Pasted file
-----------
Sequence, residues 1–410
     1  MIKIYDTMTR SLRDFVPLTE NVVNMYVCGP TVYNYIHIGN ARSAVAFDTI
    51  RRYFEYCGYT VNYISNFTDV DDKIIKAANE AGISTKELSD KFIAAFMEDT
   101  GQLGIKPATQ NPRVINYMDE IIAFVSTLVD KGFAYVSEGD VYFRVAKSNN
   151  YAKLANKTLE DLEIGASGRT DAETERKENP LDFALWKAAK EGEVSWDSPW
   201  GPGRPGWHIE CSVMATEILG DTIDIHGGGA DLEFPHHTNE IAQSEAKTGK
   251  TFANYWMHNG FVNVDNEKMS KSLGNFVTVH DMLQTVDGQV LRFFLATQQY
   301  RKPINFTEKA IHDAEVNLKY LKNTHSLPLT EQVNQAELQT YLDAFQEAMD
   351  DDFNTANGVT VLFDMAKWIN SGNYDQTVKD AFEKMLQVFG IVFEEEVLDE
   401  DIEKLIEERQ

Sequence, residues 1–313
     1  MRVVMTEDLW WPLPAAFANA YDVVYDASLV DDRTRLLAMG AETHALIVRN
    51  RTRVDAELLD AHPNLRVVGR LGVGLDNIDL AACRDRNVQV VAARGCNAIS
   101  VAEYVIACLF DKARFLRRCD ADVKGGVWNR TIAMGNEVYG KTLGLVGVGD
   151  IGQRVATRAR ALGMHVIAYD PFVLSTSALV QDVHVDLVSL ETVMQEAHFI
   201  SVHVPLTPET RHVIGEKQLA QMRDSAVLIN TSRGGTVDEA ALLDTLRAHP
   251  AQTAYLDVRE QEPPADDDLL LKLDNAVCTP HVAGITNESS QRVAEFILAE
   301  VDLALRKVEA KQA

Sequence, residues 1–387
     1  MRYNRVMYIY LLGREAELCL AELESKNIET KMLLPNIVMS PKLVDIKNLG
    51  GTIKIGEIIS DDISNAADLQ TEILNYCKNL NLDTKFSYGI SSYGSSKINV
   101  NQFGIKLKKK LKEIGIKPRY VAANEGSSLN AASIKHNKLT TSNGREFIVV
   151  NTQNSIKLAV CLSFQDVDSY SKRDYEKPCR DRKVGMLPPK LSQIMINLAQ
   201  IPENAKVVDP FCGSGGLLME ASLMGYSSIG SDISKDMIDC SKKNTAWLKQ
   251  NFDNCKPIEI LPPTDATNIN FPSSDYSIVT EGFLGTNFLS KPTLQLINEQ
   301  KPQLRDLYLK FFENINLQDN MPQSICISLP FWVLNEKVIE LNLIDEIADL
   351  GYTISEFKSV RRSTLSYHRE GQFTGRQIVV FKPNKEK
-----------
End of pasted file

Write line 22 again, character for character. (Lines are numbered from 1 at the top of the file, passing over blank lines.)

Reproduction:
   101  NQFGIKLKKK LKEIGIKPRY VAANEGSSLN AASIKHNKLT TSNGREFIVV